National Geographic : 2008 Mar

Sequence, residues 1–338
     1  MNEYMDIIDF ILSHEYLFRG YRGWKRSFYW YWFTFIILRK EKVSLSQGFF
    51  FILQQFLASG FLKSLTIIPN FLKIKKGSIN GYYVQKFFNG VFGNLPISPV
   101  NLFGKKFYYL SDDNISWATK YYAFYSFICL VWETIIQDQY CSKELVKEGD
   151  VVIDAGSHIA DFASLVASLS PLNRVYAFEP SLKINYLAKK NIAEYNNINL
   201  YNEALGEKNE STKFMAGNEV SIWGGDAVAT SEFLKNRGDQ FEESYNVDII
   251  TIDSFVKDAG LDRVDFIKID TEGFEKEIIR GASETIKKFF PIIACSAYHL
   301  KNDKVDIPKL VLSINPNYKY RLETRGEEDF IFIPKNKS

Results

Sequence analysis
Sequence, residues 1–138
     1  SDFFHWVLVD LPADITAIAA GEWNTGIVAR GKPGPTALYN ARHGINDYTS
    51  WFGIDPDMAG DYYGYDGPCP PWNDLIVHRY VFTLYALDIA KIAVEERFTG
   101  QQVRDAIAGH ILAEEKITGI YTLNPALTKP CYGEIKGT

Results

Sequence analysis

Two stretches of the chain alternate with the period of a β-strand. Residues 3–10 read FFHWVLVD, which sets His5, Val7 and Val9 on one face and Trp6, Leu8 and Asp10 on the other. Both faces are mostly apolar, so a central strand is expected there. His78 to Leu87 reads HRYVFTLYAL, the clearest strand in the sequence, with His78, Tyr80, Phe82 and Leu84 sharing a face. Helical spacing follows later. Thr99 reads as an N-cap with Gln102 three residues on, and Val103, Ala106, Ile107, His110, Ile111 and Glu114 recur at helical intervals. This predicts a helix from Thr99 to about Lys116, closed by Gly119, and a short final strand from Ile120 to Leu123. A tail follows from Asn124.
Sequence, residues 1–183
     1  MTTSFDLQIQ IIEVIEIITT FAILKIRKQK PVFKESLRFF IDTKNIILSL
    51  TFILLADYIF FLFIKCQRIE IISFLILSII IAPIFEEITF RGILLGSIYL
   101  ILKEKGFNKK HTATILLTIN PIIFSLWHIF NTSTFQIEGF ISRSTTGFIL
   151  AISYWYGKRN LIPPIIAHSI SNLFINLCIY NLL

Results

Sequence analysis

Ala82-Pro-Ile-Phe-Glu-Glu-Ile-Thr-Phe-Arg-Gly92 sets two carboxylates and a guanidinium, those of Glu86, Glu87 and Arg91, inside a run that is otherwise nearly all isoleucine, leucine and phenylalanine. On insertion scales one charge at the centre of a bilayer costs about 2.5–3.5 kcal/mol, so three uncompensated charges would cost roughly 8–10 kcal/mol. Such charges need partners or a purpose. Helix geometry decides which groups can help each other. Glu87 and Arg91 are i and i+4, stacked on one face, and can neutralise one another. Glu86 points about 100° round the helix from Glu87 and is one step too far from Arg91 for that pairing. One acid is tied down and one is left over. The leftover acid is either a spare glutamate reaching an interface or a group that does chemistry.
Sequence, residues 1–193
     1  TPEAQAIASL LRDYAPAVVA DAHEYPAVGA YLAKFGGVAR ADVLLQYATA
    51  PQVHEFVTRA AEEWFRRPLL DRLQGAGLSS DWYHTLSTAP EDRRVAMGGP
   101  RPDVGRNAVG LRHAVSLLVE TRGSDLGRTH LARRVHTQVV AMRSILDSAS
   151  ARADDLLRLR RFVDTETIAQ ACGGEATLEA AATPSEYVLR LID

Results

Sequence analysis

motives, imitating others, and being creative. Bit by bit, in ingenious experiments, research ers have documented these talents in other species, gradually chipping away at what we thought made human beings distinctive while offering a glimpse of where our own abilities came from. Scrub jays know that other jays are thieves and that stashed food can spoil; sheep can recognize faces; chimpanzees use a variety of tools to probe termite mounds and even use weapons to hunt small mammals; dolphins can imitate human postures; the archerfish, which stuns insects with a sudden blast of wa ter, can learn how to aim its squirt simply by watching an experienced fish perform the task. And Alex the parrot turned out to be a surpris ingly good talker. Thirty years after the Alex studies began, Pepperberg and a changing collection of assis tants were still giving him English lessons. The humans, along with two younger parrots, also served as Alex's flock, providing the social input all parrots crave. Like any flock, this one-as small as it was-had its share of drama. Alex dominated his fellow parrots, acted huffy at times around Pepperberg, tolerated the other female humans, and fell to pieces over a male assistant who dropped by for a visit. ("If you were a man,"Pepperberg said, after noting Alex's aloofness toward me, "he'd be on your shoulder in a second, barfing cashews in your ear.") Pepperberg bought Alex in a Chicago pet store. She let the store's assistant pick him out because she didn't want other scientists saying later that she'd deliberately chosen an especially smart bird for her work. Given that Alex's brain was the size of a shelled walnut, most research ers thought Pepperberg's interspecies commu nication study would be futile. "Some people actually called me crazy for trying this" she said. "Scientists thought that chimpanzees were better subjects, although, of course, chimps can't speak." Chimpanzees, bonobos, and gorillas have 44 NATIONAL GEOGRAPHIC * MARCH 2008 been taught to use sign language and symbols to communicate with us, often with impressive results. The bonobo Kanzi, for instance, carries his symbol-communication board with him so he can "talk" to his human researchers, and he has invented combinations of symbols to ex press his thoughts. Nevertheless, this is not the same thing as having an animal look up at you, open his mouth, and speak. Pepperberg walked to the back of the room, where Alex sat on top of his cage preening his pearl gray feathers. He stopped at her approach and opened his beak. "Want grape" Alex said. "He hasn't had his breakfast yet," Pepperberg explained, "so he's a little put out." Alex returned to preening, while an assistant prepared a bowl of grapes, green beans, apple and banana slices, and corn on the cob. Under Pepperberg's patient tutelage, Alex learned how to use his vocal tract to imitate al most one hundred English words, including the sounds for all of these foods, although he calls an apple a "ban-erry." "Apples taste a little bit like bananas to him, and they look a little bit like cherries, so Alex made up that word for them," Pepperberg said. Alex could count to six and was learning the sounds for seven and eight. "I'm sure he already knows both numbers," Pepperberg said. "He'll probably be able to count to ten, but he's still learning to say the words. It takes far more time to teach him cer tain sounds than I ever imagined." After breakfast, Alex preened again, keeping an eye on the flock. Every so often, he leaned forward and opened his beak: "Ssse... won." "That's good, Alex," Pepperberg said. "Seven. The number is seven." "Ssse...won! Se...won!" "He's practicing," she explained. "That's how he learns. He's thinking about how to say that word, how to use his vocal tract to make the correct sound."